East Village-based artist/photographer Daniel Root shared this photo looking toward the East Village from the MetLife building... They have some kind of film over the windows, which led to some distortion, but you get the idea...

Headline H/T

Wednesday, August 12, 2015

Border this: Aspiring Penistrator looking for tri-state dominance, or something

DNAinfo has a cool map thing (as Curbed might call it!) that lets readers/residents use an interactive map to draw where they think their neighborhood's borders are.

Given the debates around the East Village about borders, specifically where Midtown South ends and New York Harbor begins, we're curious to see the results.

Anyway, all good...

EVG reader Tad took a shot at drawing the EV borders. And what did he see upon submitting his outline? For starters, the borders that other readers drew... as well as a very large...

You guys!

We checked a few other neighborhoods, and only noticed the work of a wannabe Penistrator in (or hovering over) the East Village section. (Oh, and the Pac-Man eating Atlantic Avenue.)

Per Tad: "Given the state of our neighborhood, this seems about right."

Friday, September 13, 2013

A walk in Alphabet City in 1978: 'I was in love. I stayed.'

EVG reader and East Village resident ilyse kazar recently shared a few photos from 1978... Shot on East Sixth Street and East Seventh Street between Avenue B and Avenue C.

I asked ilyse if she had any memories to share with the photos. Here's what she said:

In 1978 I took a long walk with my camera, heading eastward from my apartment on 2nd Avenue. As I strayed farther and farther into the burnt out and rubble-lot blocks of Alphabet City, I was simultaneously shocked by the desolation and desecration and urban neglect and conditions people had to live in, and awed by the subcultures and the bright and energetic spirit of the people.

Here and there the community was beginning to claim this land and these buildings that had been redlined by banks, burned down by owners, and ignored by government. Some lots had been cleared, some little gardens started. Amidst the drug dealing and desolation were murals and interesting stores and kids playing stickball.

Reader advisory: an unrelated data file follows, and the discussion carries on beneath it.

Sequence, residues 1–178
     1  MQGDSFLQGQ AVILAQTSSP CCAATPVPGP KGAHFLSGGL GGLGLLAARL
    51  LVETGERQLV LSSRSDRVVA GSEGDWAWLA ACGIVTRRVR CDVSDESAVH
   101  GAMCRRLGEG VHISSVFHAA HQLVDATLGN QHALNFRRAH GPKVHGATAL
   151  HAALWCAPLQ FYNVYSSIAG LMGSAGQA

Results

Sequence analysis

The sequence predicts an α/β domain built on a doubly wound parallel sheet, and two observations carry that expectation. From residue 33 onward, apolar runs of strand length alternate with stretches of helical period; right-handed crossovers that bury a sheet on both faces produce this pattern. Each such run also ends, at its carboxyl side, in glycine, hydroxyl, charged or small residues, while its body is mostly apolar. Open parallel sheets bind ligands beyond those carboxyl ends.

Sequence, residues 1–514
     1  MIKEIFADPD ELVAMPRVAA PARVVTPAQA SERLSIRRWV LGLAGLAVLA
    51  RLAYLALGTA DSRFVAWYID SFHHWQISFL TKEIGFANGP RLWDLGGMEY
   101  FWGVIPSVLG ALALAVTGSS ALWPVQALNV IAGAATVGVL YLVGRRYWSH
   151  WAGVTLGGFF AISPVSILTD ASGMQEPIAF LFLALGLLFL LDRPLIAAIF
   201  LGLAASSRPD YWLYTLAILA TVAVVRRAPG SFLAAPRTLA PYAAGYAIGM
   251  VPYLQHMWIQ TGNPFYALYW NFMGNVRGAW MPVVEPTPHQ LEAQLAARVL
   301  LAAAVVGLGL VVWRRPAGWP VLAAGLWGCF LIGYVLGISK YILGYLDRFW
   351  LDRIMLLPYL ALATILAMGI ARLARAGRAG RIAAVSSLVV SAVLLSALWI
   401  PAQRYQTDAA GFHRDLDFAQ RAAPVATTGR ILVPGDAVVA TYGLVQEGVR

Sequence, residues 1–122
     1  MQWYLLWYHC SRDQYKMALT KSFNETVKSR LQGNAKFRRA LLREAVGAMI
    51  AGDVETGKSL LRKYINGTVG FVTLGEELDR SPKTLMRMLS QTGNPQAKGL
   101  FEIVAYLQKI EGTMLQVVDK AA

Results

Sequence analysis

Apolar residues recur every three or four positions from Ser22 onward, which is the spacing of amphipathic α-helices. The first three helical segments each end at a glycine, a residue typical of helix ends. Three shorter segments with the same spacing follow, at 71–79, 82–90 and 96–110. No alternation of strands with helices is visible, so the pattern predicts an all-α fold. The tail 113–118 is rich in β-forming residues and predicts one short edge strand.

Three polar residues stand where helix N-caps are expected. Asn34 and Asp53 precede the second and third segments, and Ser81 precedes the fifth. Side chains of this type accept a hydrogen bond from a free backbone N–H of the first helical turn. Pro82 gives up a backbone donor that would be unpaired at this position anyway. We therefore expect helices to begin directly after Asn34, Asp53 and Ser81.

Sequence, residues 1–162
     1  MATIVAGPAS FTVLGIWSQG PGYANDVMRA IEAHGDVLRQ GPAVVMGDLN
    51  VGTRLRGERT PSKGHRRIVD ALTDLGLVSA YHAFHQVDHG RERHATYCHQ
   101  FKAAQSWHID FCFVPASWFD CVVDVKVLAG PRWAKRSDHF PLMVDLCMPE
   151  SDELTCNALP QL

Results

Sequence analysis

Spray-painted on the side of one building alongside a rubble-filled lot was "Milagro de Loisaida," with a big flower springing up from the destruction.

I was in love. I stayed. I raised my kids here. I'm growing old here. I cling to the little scraps of evidence that the renegade, tenacious, creative spirit still lives amidst the alarming suburbanization of my neighborhood.

Looking forward to seeing more of ilyse's photos from this time...

[Photos © by ilyse kazar. Reposted with permission]

Friday, August 16, 2013

This story might make you feel better about life in general

The Villager has a feature this week that will restore your faith in... well, whatever needs to be restored.

Meet Mel and Sheryl London, who have been married for 67 years and have lived in the same East Village apartment since 1958.

Sheryl is from Brooklyn; Mel from the Bronx.

"A mixed marriage," Mel quipped.

Through the changes of the Eighties, Nineties and the recent years, they still feel the same about their home.

"What a remarkable city!" Mel said passionately. "When I walk through the streets, however slowly, it keeps me alive."

There is no reason to pine for the good old days. They are still living them.

Read the whole article here.

Monday, July 29, 2013

Why, yes you can live on St. Mark's Place for $19,500 a month

The penthouse rental at 19 St. Mark's Place (waaaay above the Chipotle!) is back on the market. We wrote about it in January 2010. It was $17,000 a month then. Starting Sept. 1, the furnished place is $19,500. (A bargain, considering this apartment first went on the market in October 2008 for $25,000.)